“What about this one?” Finn asked, walking up to a faded gravestone. The weather had done its work on the old marker, and we could barely make out any of the writing.
“No,” I said. “It doesn’t look like it. I can’t see any signs of military rank on this one.”
We walked on.
Every year since they could walk I’ve taken the boys to a local cemetery on Memorial Day. This has happened even when we’re on vacation for the long weekend somewhere. I get little flags from the grocery store, and we make plans to “go for our cemetery walk,” as Finn calls it.
We look primarily for people who died in a war, as this day is intended to honor. Memorial Day used to be called Decoration Day, the day when everyone would come to the cemetery to mark the graves of those who died in war.
Today it seems like it’s mostly for buying goods like mattresses on sale and vacationing.
I’m not against those things, of course, I love a good bargain and rest. But, if we’re going to get the day off of work, we should probably use it as it was intended, right?
Sometimes we can’t find people who died in battle, though, and so we’re OK just putting the flag next to any grave of someone who served in a war. Here in North Carolina, that also means we put an American flag next to folks who fought in the CSA, indicating they fought with the Confederate States Army. Our oldest cemetery here in Raleigh, established in 1798, has a number of those.
There’s a little irony there, of course, marking the graves of those soldiers with the flag they didn’t fight under. But there’s also a lot of hope there, too. Having all my roots in the South I know what it’s like to not love that part of your heritage, and seek to redeem it somehow.
Perhaps we can help them do that in a small way on this side of the grave.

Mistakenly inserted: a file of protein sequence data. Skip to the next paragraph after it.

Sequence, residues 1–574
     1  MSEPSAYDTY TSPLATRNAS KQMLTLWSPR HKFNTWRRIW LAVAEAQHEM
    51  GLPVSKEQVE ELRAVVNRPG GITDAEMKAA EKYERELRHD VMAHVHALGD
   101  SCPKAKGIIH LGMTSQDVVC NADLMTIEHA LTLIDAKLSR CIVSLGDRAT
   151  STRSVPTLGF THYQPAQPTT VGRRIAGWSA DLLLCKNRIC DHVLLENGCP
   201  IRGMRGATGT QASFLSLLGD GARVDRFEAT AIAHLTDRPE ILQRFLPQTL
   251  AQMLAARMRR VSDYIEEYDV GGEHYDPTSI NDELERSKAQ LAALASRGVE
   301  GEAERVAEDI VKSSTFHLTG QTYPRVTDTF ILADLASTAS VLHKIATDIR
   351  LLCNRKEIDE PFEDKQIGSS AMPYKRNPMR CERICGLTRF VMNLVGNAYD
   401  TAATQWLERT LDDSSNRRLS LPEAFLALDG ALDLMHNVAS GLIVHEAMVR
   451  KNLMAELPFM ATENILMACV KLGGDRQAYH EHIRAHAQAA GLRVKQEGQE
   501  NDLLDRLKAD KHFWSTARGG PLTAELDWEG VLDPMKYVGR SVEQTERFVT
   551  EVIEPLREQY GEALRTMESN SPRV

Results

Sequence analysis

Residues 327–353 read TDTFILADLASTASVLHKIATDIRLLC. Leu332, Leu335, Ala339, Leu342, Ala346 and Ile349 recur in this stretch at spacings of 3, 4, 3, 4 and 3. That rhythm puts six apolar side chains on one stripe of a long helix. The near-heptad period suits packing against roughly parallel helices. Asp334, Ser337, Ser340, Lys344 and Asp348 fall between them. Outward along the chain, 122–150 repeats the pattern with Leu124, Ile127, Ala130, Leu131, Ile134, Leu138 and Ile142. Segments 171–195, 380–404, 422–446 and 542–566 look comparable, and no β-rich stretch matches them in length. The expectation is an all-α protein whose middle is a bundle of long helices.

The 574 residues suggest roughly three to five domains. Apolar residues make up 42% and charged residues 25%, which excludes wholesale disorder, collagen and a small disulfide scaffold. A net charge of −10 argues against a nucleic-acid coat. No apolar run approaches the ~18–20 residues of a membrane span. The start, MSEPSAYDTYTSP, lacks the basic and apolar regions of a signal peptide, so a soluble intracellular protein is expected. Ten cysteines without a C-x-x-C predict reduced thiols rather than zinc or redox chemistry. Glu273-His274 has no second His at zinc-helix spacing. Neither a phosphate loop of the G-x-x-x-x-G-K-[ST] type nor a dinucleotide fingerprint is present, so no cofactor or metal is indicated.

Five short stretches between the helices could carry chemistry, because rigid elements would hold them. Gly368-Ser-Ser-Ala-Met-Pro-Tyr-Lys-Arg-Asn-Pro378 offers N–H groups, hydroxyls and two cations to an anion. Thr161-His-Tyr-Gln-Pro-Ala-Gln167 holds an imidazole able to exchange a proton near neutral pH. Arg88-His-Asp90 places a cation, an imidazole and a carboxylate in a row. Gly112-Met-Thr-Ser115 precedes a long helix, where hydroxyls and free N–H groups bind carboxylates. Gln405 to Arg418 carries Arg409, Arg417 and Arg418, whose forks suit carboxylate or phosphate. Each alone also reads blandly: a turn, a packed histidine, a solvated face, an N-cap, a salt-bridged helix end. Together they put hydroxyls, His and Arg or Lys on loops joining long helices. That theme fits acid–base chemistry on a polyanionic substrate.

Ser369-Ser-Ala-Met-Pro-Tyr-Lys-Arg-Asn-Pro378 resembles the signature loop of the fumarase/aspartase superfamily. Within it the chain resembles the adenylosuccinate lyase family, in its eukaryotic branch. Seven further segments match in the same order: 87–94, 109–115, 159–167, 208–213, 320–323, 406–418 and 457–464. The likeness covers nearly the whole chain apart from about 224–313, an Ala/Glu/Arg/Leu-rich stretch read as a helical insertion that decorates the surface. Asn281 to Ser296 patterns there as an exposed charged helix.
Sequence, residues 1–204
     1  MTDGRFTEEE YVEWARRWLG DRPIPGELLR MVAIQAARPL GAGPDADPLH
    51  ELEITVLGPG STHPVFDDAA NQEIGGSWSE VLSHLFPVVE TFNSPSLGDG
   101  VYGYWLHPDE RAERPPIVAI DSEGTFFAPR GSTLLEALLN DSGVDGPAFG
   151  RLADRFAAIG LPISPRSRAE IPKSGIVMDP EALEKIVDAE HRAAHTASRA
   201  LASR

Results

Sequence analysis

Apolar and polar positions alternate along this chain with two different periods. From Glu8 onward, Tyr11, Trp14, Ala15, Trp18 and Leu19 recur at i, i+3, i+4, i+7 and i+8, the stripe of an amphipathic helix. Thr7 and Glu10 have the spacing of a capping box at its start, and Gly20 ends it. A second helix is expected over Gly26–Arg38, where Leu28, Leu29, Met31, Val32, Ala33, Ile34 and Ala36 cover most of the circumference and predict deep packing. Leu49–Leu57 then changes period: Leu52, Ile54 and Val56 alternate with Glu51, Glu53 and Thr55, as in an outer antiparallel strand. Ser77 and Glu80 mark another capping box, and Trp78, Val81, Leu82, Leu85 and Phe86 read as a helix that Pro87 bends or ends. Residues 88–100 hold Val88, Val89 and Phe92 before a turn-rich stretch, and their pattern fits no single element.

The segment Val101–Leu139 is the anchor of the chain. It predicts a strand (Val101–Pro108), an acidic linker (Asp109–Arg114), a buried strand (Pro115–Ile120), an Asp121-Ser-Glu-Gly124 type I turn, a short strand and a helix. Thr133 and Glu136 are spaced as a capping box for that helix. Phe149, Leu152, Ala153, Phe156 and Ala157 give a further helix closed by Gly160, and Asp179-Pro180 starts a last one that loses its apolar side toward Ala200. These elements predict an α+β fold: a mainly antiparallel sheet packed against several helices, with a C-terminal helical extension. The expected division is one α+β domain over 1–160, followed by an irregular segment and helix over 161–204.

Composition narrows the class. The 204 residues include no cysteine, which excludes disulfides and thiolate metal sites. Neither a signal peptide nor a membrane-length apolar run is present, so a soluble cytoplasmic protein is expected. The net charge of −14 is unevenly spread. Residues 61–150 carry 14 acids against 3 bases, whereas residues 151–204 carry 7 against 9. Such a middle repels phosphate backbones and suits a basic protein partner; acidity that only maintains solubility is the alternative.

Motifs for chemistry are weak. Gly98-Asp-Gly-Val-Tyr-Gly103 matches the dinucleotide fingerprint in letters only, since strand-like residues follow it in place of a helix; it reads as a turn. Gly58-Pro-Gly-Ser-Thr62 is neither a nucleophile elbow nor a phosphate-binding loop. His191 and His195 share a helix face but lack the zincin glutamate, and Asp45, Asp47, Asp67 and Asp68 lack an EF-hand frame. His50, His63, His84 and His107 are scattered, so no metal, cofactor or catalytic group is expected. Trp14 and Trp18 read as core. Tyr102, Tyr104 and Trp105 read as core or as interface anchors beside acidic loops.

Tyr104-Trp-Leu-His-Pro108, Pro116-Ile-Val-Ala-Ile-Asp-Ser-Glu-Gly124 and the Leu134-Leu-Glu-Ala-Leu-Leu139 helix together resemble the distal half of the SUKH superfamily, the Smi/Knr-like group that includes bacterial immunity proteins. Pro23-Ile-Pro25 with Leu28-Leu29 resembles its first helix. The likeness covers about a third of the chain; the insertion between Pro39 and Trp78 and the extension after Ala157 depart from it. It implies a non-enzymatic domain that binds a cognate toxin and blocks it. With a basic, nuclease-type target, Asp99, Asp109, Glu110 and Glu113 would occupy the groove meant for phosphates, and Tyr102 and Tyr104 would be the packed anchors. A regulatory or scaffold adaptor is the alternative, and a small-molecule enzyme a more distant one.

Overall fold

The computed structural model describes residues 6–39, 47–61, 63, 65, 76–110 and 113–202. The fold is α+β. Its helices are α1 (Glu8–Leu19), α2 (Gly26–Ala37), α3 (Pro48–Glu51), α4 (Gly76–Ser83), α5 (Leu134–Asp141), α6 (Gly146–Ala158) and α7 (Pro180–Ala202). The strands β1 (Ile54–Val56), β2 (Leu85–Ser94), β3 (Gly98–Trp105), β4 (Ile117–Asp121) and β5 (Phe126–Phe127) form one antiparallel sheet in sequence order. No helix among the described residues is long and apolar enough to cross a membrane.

Plus, it’s a good opportunity to learn.
“The Civil War was when we fought against each other, right?” Alistair asks.
“Yes,” I say looking down. “Because,” Finn continued, “sometimes people disagree and then they can’t work past it and so they fight. And that’s bad.”
“It is,” I nod. “Some things are worth fighting for…but I hope that never happens again.”
“That’s when the slaves were freed, right?” Finn wonders.
“It is. People used to think some people could be used as slaves just because of how they looked, and that’s wrong and evil. We fought over that. Some people still think that way, which is also wrong and evil.”
“Martin Luther King worked hard so everyone can live together free,” Finn went on. We’ve been reading a lot about MLK lately.
“Yeah,” Alistair chimed in, “people used to not be able to be friends or eat together and he changed all that.”
“He worked hard to,” I said. “It’s crazy to think you couldn’t do that, right? We still have to work hard to make sure everyone is treated fairly.”
“Yeah, that makes no sense,” Finn said, elongating the ‘o’ on that ‘no.’
We find another grave, from World War I. Alistair plants a flag.
“Dad, who won in World War I?” Finn asked.
“Well, we won that war,” I said, “working with other countries.”
“And we won World War II, right?” he continued.
“We did. You great-grandpas fought in that war.”
“Wow, we won a lot!” he said.
“Well,” I hedged, “in war, even when you win it feels like it hurts. You’re glad it’s over, but it hurts.” I’m trying to be honest.
“Yeah,” Alistair said, “because people die, and that’s always bad.”
“Yeah,” Findley said, “which is why we put out flags, right?”
I patted his head, “Right buddy.”
We stumbled across a small marker. “Hey Dad, is this one?”
“No, buddy. That’s a grave for a baby. They were too young to be in a war.”
“Oh,” Finn said, “that’s really sad.” He knelt down by the grave and ran his finger along the simple moniker, ‘Infant Son.’ “How did the baby die?” he asked.
“I’m not sure, buddy. It doesn’t say. It just says that it didn’t live past a year. Sometimes that happens.”
“Are people under our feet?” Alistair asked.
“They are. Which is why we’re careful,” I said.
“Can they hear us?” Al asked.
“No,” Finn said, “when you’re dead you can’t hear anything.”
“Right,” I said.
“Everything dies,” Alistair offered truthfully. “Everything that lives, dies.”
“They do.” We walked on.
“It’s a pretty day to be here.”
He knelt by a grave and put a flag down next to the one we had stuck there last year, one of the few that survived.
“It is, buddy. You can learn a lot about life from a grave yard, right?”
He nodded, “It’s why we come here, right?”
But he didn’t bother to wait for my answer…he knew it, anyway, and they walked off together to find another person to honor.